Farch reconsidered

Another sunny Sunday and taxes can wait another weekend, so Daphne and I climbed into the car, plugged in the GPS, and headed to Moby Dick country — the South Coast from Rhode Island to Cape Cod. This was a backyard adventure, the kind I have been meaning to do for … oh … 48 years, and having done it wondered why I haven’t done it sooner. One answer is the GPS. (thank you Uncle Fester!) It would have been nearly impossible to poke around the shore without it.We drove down 195 past the exits with names of town we had never visited, at least not in any sort of detail, and made our start in Rhode Island at Little Compton, a seaside village on Sakonnet Point that is full of saltwater farms with expansive views down open fields lined with miles of stone walls over saltmarshes to Block Island Sound.

We poked around, then drove back east through villages like Adamsville and Westport, past Horseneck Beach and eventually into Padanarum for an awesome lunch of fish and chips and chowder at the Black Bass Grill. Onwards into New Bedford, walled off from its waterfront by a gigantic levee of orange stone, a hurricane barrier built after the storms of the 30’s and 50s trashed the home port of the Pequod. New Bedford is a sad place, a tattered town, but hope springs eternal and I said to Daphne if I were to ever start an interactive marketing company I’d take a mill with a great water view near the whaling museum and set up shop.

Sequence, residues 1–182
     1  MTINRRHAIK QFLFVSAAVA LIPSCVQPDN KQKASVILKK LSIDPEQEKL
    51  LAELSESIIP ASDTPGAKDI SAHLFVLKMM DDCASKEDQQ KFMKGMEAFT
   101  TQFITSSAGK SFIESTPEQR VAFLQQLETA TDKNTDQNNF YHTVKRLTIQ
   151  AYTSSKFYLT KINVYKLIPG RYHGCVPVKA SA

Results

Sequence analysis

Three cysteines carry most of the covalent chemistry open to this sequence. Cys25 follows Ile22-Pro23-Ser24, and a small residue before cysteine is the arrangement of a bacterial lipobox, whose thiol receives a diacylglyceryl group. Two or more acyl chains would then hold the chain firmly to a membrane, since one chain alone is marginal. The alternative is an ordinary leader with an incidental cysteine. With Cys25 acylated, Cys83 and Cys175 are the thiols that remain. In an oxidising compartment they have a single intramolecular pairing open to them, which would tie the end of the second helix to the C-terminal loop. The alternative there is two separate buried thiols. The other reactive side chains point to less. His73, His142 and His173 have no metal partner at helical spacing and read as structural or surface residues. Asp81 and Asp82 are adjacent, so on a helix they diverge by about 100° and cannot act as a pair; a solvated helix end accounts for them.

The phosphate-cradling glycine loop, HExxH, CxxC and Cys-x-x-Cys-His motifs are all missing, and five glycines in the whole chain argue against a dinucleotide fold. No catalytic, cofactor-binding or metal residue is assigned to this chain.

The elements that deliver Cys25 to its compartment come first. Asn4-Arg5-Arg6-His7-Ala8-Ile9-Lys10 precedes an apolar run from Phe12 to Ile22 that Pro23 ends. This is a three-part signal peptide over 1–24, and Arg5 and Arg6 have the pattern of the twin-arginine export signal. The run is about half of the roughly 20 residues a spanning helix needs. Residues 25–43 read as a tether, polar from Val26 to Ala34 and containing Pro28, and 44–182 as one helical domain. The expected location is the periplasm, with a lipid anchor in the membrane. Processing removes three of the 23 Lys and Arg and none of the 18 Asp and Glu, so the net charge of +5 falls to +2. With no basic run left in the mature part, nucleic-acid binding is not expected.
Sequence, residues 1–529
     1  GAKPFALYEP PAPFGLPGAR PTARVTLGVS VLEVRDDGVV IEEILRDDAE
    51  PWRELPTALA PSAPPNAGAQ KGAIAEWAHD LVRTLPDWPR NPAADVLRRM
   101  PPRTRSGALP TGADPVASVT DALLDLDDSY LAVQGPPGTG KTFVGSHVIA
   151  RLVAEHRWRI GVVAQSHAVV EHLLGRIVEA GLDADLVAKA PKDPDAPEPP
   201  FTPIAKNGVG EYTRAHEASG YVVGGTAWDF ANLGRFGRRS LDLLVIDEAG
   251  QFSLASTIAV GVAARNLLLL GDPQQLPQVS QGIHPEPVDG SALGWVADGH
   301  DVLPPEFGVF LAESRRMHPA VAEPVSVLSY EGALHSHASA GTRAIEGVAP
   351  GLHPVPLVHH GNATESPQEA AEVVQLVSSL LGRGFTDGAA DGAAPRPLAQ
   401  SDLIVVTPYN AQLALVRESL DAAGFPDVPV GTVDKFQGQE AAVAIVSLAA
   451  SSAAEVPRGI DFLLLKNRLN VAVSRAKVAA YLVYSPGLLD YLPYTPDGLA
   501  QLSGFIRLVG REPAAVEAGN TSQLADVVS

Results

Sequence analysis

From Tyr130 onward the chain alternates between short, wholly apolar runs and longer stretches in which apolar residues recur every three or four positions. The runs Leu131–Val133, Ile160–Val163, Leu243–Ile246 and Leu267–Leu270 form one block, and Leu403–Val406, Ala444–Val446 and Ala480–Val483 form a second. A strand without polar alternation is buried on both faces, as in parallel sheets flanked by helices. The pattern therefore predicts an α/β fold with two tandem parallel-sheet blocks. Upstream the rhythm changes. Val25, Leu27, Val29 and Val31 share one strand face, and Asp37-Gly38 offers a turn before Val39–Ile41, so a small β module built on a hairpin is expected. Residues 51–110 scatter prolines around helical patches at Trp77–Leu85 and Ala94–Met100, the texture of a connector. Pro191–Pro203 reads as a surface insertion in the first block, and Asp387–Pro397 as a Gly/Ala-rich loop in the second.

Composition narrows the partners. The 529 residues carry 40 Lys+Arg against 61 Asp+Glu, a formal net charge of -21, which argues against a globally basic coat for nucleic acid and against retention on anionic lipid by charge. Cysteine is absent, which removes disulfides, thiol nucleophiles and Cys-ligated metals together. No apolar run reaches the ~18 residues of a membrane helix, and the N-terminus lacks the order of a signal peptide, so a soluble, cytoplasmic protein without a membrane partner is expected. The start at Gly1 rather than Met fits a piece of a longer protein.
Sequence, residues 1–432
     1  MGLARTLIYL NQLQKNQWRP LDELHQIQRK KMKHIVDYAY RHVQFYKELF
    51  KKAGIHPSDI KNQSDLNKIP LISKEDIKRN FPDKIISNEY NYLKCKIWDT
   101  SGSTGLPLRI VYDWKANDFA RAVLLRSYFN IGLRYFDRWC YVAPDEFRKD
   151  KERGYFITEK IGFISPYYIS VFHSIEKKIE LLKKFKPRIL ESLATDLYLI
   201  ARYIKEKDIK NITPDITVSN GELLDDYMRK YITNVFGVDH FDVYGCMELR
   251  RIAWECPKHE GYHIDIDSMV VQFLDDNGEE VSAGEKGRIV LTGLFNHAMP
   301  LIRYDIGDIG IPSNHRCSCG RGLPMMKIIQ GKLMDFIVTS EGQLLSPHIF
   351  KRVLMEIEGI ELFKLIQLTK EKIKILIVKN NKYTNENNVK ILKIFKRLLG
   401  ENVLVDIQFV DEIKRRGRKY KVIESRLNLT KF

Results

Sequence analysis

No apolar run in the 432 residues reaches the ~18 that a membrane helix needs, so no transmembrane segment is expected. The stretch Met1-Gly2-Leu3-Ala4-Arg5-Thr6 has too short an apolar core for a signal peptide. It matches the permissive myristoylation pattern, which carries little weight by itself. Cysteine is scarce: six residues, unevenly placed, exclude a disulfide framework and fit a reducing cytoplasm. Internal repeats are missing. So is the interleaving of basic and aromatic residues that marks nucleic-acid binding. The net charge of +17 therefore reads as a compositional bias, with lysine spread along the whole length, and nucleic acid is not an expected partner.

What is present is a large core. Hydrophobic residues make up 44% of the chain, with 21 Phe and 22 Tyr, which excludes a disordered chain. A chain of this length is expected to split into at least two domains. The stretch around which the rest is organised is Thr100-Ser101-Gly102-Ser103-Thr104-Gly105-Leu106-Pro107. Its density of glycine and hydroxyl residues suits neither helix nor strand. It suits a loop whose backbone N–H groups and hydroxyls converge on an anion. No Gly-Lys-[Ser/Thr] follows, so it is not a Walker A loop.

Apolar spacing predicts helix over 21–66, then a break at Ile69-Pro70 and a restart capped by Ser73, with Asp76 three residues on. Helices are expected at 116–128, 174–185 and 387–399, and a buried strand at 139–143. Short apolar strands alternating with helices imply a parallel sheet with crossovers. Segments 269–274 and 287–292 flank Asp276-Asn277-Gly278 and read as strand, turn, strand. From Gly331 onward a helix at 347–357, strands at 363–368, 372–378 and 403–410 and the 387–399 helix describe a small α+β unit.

Then across the bridge to the more genteel Fairhaven, homeport of Captain Joshua Slocum, the first man to sail alone around the world. We poked coastward to West Island, driving over causeways dividing Buzzards Bay from the inshore marshes, snapping pictures as the skies cleared and flooded the Farch skies with a tease of spring. (One more week to daylight standard time!)

Through Mattapoissett, the port where my great-great grandfather’s whaling ship, the Massachusetts was built, making a note to return to pick the brains of the historical society in the center of the village. And after lingering for the sunset over Mattapoissett harbor, returned to Cotuit for dinner and the end of the weekend. A very cool day, enabled by a GPS, no agenda, and a lot of lazy curiosity.

Author: David Churbuck

Cape Codder with an itch to write

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